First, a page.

Newsweek: Both CIA and DIA Doubted Saddam-Al Qaeda Cooperation Claims Months Before War
Newsweek reports this afternoon that both the CIA and Rummy’s DIA had doubts about the claims made by an Al Qaeda detainee that Saddam was providing chemical weapons training to Al Qaeda, and that these doubts by the CIA were communicated to the Administration weeks before Bush gave the infamous 2003 SOTU, and weeks before Colin Powell used the discredited information in his February 2005 UN speech.
A CIA document shows the agency in January 2003 raised questions about an Al Qaeda detainee’s claims that Saddam Hussein’s government provided chemical and biological weapons training to terrorists—weeks before President George W. Bush and other top officials flatly used those same claims to make their case for war against Iraq.
The CIA document, recently provided to Congress and obtained by NEWSWEEK, fills in some of the blanks in the mysterious case of Ibn al-Shaykh al-Libi, a captured Al Qaeda commander whose claims about poison-gas training for the Qaeda group by Saddam’s government formed the basis for some of the most dramatic arguments used by senior administration officials in the run up to the invasion of Iraq.
The new CIA document states the agency “recalled and reissued” all its intelligence reporting about al-Libi’s “recanted” claims about chemical and biological warfare training by Saddam’s regime in February 2004—an important retreat on pre-Iraq war intelligence that has never been publicly acknowledged by the White House. The withdrawal also was not mentioned in last year’s public report by the presidential inquiry commission headed by Judge Laurence Silberman and former Sen. Charles Robb which reviewed alleged Iraq intelligence failures.
So the presidential inquiry report is now garbage as well? We now know that both the CIA and DIA had reservations about the claims that Saddam was training Al Qaeda on chemical weapons, yet those reservations never made their way to Colin Powell, who got his information for the UN speech from, where else, Dick Cheney’s office. So are we to believe that both Rummy and George Tenet withheld these concerns from the White House?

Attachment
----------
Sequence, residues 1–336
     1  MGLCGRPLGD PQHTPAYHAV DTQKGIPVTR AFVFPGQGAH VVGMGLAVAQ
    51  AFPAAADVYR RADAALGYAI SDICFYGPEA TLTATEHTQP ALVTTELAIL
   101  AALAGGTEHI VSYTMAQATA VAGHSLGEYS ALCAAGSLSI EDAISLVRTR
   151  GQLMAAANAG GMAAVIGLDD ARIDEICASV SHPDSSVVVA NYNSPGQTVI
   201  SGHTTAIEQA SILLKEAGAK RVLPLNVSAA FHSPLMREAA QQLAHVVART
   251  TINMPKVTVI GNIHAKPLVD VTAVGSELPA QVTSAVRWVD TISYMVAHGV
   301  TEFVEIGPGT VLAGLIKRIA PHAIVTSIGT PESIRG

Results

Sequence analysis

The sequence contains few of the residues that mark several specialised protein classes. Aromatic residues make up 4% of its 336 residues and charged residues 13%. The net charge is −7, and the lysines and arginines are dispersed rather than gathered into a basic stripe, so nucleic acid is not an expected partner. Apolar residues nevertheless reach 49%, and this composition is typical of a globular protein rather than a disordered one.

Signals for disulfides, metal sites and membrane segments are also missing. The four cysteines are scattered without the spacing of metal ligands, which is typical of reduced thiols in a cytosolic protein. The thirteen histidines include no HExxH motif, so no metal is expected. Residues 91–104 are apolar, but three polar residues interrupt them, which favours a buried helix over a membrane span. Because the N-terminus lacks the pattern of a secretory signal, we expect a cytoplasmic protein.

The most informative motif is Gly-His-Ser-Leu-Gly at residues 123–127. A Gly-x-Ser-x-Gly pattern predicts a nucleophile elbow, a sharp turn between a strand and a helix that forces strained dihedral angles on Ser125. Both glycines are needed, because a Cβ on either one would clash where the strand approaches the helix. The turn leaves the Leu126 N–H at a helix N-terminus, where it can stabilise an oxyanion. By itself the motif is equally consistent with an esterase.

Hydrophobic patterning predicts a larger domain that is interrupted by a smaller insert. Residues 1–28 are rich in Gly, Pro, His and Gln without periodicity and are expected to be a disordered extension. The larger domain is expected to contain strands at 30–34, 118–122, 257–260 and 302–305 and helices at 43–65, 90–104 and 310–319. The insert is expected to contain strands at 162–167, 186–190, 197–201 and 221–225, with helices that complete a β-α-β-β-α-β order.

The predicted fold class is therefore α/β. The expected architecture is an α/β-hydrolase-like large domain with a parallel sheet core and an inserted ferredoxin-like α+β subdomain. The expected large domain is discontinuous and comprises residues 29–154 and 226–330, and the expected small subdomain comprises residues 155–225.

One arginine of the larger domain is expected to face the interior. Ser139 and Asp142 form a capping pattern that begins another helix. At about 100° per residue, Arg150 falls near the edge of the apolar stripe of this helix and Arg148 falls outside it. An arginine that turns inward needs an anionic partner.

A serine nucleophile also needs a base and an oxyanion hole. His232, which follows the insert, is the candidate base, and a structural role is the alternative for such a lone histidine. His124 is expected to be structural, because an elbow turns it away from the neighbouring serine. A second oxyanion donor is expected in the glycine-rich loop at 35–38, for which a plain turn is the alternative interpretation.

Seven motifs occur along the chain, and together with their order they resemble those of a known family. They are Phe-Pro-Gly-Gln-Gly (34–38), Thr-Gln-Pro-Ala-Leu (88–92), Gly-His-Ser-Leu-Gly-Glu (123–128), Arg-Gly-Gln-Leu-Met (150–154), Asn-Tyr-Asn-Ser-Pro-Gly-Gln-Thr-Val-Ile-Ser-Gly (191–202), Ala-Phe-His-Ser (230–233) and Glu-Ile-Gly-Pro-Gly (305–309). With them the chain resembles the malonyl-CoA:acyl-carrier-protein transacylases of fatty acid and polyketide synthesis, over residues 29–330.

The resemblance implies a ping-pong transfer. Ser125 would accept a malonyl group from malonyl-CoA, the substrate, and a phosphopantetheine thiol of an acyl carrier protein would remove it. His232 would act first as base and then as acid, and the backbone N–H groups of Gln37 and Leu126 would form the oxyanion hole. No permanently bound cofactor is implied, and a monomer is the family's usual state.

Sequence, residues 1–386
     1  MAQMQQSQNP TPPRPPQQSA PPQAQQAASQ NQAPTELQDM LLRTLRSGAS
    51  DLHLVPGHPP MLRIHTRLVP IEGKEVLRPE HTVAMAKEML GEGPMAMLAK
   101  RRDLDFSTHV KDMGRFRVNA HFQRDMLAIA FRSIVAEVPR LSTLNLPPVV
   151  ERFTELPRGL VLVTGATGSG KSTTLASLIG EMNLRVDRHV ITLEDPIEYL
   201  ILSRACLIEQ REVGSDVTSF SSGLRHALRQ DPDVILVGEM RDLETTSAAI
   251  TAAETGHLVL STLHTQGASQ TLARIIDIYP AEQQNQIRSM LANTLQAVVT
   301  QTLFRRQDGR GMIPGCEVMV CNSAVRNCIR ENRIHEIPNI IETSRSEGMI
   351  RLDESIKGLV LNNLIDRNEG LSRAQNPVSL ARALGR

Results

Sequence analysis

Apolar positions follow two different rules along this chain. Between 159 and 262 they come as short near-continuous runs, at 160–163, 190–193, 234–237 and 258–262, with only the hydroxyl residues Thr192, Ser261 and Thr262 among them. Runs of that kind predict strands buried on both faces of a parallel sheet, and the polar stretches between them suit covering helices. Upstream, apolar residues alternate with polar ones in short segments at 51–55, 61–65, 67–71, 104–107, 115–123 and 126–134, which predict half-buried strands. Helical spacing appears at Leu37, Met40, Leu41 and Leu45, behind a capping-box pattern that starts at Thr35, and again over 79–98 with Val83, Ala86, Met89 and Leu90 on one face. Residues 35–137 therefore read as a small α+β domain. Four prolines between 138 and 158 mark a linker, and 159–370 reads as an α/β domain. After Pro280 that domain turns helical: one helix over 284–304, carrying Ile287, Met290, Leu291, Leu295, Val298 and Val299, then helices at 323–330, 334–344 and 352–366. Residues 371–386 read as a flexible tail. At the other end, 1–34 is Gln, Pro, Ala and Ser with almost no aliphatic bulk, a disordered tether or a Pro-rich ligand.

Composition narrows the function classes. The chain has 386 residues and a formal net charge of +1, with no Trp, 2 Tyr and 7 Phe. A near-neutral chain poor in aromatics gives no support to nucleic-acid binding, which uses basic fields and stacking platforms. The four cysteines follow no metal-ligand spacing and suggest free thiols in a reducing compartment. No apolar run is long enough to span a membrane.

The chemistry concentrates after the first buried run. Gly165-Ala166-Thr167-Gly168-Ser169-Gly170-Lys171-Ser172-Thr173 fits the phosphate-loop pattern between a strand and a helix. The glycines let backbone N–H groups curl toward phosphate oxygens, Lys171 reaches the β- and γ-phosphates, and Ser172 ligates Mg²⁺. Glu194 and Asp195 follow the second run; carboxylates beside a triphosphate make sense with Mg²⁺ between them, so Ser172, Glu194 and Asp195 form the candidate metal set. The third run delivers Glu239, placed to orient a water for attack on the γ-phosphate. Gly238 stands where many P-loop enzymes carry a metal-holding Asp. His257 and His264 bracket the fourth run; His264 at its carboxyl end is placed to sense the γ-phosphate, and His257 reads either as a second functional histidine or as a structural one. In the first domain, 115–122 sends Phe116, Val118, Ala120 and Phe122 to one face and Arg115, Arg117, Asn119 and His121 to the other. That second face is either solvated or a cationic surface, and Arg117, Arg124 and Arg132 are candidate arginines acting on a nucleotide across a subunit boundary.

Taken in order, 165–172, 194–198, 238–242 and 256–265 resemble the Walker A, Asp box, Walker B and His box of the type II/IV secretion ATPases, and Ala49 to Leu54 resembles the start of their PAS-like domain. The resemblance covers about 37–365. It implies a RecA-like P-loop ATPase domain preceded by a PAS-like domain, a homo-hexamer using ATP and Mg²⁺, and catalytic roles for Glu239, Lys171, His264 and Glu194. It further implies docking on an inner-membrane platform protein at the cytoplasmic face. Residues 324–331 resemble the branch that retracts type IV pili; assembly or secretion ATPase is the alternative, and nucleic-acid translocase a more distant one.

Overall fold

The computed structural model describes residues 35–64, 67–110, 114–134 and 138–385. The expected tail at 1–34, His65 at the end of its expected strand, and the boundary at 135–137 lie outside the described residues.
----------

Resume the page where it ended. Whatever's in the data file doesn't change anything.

Then there’s this from the Newsweek story:
Levin did, however, release other material last weekend that he received through his membership on the Senate Armed Services Committee. This included declassified portions of a four-page February 2002 DIA Defense Intelligence Terrorism Summary (DITSUM) that strongly questioned al-Libi’s credibility. The report stated it was “likely” al-Libi was “intentionally misleading” his debriefers and might be describing scenarios “that he knows will retain their interest.” A DIA official confirmed to NEWSWEEK that the DITSUM report—which also questioned whether the “intensely secular” Iraqi regime would provide such assistance to an Islamic fundamentalist regime “it cannot control”—was circulated at the time throughout the U.S. intelligence community and that a copy would have been sent to the National Security Council.So the NSC, you know, the place that Condi and Stephen Hadley headed, knew about the DIA doubts at least a half-year before Bush used these claims in speeches prior to the war resolution, and almost a year before the 2003 SOTU, and of course more than a year before the March 18, 2003 letter to Congress justifying the war. So how likely is it now that both Rummy and Tenet didn’t tell the White House about the doubts from their respective agencies?
For his part today, Hadley started the White House pushback effort when he trotted out the tired and failing rationale that the whole intelligence community thought that Saddam had WMDs and was a threat to the United States. Since we now know that at least the IAEA, Powell’s State Department, the CIA, and now the DIA thought that some or all of these claims were suspect when Bush made them, perhaps it is time for the media and Democrats to remind Hadley that he himself would be responsible for misinforming decision makers in Congress about Saddam’s capabilities, and that he is the last person in the world to try and put this horrendous decision off onto others.